The feel good content of Queer Eye follows the new team as they travel across the world, helping to bring beauty wherever they go. But being as it is travelling show, costs can add up pretty quickly. How to offset all these costs? Branded Integrations! Many big level brands have made an appearance on this show.
Here's a photo of the crew with their guest attending classes at Orangetheory to help promote the guest embracing a healthier relationship with fitness and of course to help advertise their service as a gym.
Then there was the time Tan took a show guest to Target in a segment teaching viewers that you don't need to go to premium department stores to dress well.
Oh and did I mention that our team also has helped secure product placement integrations in this show? Here's an image from the time we worked to partner the team in visiting a Lacoste store that provided a new wardrobe to help their new friend in need.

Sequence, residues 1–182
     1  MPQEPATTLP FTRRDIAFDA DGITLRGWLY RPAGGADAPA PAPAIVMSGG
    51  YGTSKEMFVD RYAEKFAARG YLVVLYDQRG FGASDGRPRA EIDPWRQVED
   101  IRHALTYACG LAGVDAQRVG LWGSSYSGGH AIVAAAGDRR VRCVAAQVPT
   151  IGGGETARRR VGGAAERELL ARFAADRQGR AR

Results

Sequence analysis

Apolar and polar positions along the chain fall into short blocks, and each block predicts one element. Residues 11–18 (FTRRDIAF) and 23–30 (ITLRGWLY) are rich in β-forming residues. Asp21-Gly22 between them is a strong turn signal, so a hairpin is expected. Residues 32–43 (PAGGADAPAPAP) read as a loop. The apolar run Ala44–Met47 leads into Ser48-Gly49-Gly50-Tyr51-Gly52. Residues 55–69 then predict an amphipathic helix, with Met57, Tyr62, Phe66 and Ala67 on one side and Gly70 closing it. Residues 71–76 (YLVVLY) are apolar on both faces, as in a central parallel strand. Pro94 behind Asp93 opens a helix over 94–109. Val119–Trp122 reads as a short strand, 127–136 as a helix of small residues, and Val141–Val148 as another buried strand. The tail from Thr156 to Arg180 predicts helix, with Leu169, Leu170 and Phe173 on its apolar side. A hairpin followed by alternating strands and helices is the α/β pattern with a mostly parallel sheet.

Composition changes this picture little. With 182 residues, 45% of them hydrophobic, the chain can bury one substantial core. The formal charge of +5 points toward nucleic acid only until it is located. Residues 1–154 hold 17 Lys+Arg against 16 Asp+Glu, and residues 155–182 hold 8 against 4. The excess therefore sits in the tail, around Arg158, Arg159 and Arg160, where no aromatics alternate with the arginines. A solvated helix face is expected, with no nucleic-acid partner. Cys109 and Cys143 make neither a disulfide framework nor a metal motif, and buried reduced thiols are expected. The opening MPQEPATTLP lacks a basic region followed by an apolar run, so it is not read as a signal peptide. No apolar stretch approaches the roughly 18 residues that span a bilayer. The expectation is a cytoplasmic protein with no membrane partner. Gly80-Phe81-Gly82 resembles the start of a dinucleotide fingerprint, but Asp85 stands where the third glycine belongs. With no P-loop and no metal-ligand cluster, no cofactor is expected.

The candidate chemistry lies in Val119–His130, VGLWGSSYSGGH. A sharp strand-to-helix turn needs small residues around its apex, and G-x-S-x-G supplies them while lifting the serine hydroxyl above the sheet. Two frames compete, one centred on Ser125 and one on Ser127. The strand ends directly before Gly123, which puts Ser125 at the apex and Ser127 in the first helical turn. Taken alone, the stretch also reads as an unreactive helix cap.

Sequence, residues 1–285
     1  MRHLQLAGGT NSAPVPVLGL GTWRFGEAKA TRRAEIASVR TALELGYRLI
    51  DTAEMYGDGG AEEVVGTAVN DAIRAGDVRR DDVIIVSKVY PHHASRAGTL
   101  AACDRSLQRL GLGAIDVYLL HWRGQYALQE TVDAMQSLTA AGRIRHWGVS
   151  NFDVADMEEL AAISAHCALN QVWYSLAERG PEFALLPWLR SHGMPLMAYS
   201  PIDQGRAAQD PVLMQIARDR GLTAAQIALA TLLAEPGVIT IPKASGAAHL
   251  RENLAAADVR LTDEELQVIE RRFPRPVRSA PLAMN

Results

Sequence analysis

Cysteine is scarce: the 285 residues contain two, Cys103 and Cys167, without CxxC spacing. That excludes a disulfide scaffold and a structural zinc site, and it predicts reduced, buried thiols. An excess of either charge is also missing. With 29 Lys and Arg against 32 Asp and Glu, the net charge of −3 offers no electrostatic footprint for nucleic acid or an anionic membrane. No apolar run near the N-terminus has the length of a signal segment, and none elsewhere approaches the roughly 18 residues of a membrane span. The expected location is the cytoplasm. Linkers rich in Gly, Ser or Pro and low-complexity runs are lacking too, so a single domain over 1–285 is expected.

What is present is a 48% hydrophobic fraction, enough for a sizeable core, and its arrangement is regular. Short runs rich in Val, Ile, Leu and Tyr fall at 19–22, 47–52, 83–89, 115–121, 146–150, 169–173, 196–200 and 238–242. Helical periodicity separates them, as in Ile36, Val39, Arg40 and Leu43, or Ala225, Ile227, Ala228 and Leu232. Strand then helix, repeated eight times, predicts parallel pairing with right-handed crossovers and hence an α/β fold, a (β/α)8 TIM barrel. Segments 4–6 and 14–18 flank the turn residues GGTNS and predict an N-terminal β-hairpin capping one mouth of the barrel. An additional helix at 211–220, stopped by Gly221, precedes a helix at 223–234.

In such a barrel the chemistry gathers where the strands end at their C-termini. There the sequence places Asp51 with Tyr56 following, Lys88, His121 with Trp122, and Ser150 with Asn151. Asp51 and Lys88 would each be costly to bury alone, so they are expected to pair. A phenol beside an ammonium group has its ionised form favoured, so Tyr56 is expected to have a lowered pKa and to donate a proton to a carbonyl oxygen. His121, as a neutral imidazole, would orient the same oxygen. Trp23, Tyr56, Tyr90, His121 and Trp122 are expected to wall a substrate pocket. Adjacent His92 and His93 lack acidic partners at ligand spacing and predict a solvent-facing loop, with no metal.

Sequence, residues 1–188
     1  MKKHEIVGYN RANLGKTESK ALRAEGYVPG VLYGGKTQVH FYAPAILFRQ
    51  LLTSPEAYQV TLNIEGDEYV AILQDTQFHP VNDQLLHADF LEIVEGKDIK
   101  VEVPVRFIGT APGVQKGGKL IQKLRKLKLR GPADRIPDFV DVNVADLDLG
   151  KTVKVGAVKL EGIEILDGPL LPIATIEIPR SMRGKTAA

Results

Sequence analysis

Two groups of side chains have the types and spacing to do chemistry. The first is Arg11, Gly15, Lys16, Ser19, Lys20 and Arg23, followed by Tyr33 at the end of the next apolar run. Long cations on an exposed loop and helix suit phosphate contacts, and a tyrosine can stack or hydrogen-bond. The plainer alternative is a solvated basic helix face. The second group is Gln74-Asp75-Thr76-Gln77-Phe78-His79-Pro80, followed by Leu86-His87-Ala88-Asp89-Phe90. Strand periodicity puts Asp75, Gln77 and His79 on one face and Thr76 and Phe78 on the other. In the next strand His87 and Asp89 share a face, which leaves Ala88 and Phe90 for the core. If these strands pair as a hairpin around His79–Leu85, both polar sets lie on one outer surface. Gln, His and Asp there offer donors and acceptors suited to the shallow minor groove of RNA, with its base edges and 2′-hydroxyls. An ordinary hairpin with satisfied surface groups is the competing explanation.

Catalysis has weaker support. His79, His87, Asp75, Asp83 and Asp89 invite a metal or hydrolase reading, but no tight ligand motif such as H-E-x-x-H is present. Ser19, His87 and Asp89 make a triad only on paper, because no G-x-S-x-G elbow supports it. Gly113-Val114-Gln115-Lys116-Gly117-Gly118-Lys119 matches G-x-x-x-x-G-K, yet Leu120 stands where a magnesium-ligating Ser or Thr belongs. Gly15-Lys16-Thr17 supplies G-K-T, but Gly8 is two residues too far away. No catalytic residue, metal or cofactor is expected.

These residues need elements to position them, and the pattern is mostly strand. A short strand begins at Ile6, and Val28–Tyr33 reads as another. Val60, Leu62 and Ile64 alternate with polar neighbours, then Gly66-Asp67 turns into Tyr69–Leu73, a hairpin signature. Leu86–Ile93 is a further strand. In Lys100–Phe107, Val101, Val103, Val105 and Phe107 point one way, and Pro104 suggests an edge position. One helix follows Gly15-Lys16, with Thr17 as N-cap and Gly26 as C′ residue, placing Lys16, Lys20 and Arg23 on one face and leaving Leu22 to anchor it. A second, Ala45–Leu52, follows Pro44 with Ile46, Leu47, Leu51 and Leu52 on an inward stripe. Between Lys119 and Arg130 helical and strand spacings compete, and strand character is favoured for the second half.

And last but least, there is the Queer Eye team's iconic apartment where they reconvene at the end of every episode. It was entirely furnished by West Elm, who in turn have this photo on their website so fans of the show can purchase things they like to recreate their own version of it.
Queer Eye has truly proven that LGBTQ content can be a goldmine of opportunities for brands just like any other. And as its one of Netflix's most popular original shows, it doesn't show any signs of slowing down.
Strike A Pose - The Next Dance Step
It's understandable to assume that brands want to play it safe when it comes to investing in product placement and branded integrations. But not only does the data keep suggesting queer content is less taboo then ever, it's also more popular than ever. As show like Pose, The Politician and Ru Paul's Drag Race continue to pave the future for TV culture, their success will only continue and now is the time for your brand to find it's place in the rainbow spectrum of content!
Curious to learn about more ways that brands have found homes within queer and diverse content? Check out these other blog posts we've written on the topic!
- Brands That Invest In LGBTQ Pride
- The Surreal World of St. Vincent Brand Partnerships
- The Importance of Brand Diversity In Film & TV
- Case Study: Dove Soap & Steven Universe
- Political Strategy In Brand Marketing
Maybe you're less interested in reading about other case studies and more interested in learning how your brand fits into the mix. We have you covered on that end too! Check out this infographic we created on the basics of product placement!